When the investigators included DMT exposure at sampling time in the model, however, the pregnancy and postpartum period no longer had an effect on sNfL. The sNfL levels were 12% lower among patients exposed to DMT, compared with patients without DMT exposure.
Some DMTs, such as interferon-beta, are relatively safe during pregnancy, but the greater the medication’s efficacy, the more problematic it can be, said Yaldizli. “There are medications that are given, for example, every 6 months, like ocrelizumab. There are other medications that have to be taken daily. Probably the safest medications are those that are not given so often during pregnancy.”
Future research should examine the escalation therapies (ie, the newer and more effective DMTs) during pregnancy in patients with MS, he added. “Not only in pregnancy, but also in general, we have to look for ways to measure disease activity in patients who switch therapy, who deescalate therapy.”
Pregnancy May Not Forestall Disease Activity
“The results of this study demonstrate that DMT withdrawal in the context of pregnancy can lead to subclinical disease re-emergence, as evidenced by increased sNfL levels in the DMT-free period,” said Vilija G. Jokubaitis, PhD, senior research fellow in the department of neuroscience at Monash University, Melbourne. Jokubaitis was not involved in the study.
“Interestingly, the median EDSS score in this cohort was quite low, demonstrating that, even in women with mild disease, pregnancy may not be sufficient to protect against ongoing MS activity.” Nevertheless, 28 of the 63 women were exposed to monoclonal antibody therapy, so it is unclear whether these women have mild disease or well-managed disease on DMT, she added.
“This study provides further evidence that pregnancy planning requires advanced planning, and that therapy continuation into pregnancy should be considered, particularly in women with moderate disease activity, to protect against disease reactivation,” said Jokubaitis.
The strengths of the study include its prospective design, the investigators’ ability to describe the various DMT exposures before and during pregnancy, and the multivariable mixed-effects modeling, she added. On the other hand, the results are at the group level, individual trajectories in sNfL level are not described, and the small sample size prevented the investigators from differentiating between the effects of various DMTs on sNfL outcomes. In addition, Yaldizli and colleagues did not take time off DMT into account in the models; they considered DMT exposure as a dichotomous variable.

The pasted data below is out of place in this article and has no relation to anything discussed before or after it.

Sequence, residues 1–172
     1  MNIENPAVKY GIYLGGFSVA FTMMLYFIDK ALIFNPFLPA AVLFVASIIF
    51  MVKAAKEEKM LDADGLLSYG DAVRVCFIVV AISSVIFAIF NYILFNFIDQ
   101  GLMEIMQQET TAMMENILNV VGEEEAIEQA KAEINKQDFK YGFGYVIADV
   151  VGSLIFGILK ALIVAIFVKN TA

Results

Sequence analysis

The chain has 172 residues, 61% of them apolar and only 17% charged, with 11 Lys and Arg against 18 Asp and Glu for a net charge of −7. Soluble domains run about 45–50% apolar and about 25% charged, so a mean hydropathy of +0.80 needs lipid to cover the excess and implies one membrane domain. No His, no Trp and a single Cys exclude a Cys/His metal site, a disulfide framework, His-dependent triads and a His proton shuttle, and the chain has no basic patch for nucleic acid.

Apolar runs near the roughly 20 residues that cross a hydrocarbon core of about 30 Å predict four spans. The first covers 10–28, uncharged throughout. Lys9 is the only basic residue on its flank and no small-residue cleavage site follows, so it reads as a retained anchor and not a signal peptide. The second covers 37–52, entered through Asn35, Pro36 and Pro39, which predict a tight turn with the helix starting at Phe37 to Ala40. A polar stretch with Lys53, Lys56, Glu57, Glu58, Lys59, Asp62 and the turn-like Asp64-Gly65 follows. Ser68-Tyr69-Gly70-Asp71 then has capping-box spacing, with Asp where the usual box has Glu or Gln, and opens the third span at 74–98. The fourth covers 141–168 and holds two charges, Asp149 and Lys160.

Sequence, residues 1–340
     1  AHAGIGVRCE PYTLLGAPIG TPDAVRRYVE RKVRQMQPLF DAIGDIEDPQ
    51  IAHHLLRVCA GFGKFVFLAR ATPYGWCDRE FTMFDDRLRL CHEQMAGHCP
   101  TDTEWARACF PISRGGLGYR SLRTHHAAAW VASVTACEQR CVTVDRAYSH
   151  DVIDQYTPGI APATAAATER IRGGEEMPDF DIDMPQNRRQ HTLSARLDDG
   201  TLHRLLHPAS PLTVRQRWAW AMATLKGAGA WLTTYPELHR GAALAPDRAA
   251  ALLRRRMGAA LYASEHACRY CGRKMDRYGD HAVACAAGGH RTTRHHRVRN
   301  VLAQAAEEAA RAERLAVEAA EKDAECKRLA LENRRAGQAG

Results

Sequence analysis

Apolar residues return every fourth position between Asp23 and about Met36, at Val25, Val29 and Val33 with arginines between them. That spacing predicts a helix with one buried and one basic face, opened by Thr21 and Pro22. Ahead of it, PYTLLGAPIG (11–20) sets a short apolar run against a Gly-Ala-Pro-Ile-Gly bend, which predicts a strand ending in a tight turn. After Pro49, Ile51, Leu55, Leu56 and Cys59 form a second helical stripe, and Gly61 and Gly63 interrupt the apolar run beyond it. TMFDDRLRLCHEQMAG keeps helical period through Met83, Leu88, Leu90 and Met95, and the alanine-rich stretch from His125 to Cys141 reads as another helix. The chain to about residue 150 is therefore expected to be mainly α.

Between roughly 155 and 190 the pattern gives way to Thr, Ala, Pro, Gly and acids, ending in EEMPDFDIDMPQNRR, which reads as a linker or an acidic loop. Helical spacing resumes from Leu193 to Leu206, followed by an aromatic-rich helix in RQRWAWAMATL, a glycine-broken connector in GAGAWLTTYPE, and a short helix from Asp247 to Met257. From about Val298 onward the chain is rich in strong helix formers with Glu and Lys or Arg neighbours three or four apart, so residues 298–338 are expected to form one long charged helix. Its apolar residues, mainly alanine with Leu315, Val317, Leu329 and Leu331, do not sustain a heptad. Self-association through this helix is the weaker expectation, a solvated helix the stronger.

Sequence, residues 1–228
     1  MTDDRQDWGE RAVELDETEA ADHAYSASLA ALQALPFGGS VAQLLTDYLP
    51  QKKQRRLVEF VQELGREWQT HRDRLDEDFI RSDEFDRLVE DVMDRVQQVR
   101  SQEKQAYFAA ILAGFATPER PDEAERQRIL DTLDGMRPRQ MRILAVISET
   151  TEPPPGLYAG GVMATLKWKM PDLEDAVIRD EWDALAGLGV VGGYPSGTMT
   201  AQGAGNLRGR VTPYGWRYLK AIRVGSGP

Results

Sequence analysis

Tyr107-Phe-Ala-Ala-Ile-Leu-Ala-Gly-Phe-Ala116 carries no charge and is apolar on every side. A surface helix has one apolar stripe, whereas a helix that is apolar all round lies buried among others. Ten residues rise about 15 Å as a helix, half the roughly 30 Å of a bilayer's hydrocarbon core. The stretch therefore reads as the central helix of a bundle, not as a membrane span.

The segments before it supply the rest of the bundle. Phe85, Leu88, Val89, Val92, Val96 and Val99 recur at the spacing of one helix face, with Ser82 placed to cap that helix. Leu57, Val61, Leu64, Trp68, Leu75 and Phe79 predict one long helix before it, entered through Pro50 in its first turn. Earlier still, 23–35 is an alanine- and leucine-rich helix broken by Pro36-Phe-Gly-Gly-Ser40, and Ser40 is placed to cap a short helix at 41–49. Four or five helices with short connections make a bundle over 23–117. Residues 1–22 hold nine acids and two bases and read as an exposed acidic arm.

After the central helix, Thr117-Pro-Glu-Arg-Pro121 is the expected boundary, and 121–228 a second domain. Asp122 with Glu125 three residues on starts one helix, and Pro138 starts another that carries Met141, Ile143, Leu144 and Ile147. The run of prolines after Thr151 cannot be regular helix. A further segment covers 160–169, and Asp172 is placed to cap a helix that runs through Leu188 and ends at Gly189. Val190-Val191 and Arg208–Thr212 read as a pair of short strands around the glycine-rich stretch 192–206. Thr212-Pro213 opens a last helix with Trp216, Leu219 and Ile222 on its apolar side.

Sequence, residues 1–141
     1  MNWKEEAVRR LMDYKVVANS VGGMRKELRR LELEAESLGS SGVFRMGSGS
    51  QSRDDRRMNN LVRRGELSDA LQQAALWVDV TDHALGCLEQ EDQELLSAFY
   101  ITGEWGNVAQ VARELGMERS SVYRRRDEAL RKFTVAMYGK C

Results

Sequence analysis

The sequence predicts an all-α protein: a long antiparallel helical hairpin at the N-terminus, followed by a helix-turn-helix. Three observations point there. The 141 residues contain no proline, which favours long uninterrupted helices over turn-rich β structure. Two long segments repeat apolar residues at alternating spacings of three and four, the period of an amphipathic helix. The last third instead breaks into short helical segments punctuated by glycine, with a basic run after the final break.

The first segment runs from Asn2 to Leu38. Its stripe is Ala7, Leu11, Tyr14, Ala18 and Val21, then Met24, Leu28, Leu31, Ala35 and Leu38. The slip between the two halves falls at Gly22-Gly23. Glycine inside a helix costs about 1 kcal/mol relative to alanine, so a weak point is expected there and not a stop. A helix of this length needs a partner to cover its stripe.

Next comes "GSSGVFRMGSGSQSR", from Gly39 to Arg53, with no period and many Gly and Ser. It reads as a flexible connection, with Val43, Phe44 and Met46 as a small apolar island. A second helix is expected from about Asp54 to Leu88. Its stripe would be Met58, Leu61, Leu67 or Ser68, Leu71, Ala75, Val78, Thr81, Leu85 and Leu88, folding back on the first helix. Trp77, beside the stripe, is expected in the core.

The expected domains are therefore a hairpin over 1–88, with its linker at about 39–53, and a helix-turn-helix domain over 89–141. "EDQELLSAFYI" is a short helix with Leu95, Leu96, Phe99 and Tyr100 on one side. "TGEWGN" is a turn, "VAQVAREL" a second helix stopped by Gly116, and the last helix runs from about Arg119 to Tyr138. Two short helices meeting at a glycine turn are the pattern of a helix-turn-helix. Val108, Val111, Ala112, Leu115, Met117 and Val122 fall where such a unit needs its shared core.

“More work is needed to determine the therapeutic strategies that will give women with MS the greatest protection against disease reactivation in pregnancy and postpartum, whilst also protecting fetal and neonatal outcomes,” said Jokubaitis.
Group studies will enable researchers to identify trends, but neurologists ultimately need to provide individualized advice to their patients. “There is a need to look at [the effect of] DMT identity, timing, and duration of DMT withdrawal on fluctuation of sNfL levels, and how these relate to baseline disease severity,” Jokubaitis added. Furthermore, researchers must compare sNfL changes in pregnancy between patients with MS and healthy women in large cohorts.
The analysis by Yaldizli and colleagues was conducted without outside funding. The Swiss MS Cohort receives funding from the Swiss MS society, Biogen, Celgene, Sanofi, Merck, Novartis, Roche, and research associations such as the International Progressive MS Alliance and the Swiss National Science Foundation. Yaldizli received grants from ECTRIMS/MAGNIMS, the University of Basel, Pro Patient Stiftung, University Hospital Basel, Free Academy Basel, and the Swiss MS Society. He received advisory board fees from Sanofi Genzyme, Biogen, Almirall, and Novartis. Jokubaitis received conference travel support from Merck and Roche and speakers honoraria from Biogen and Roche. These relationships are not related to the current study. Jokubaitis receives research support from the Australian National Health and Medical Research Grant and MS Research Australia.
This article originally appeared on MDedge.com, part of the Medscape Professional Network.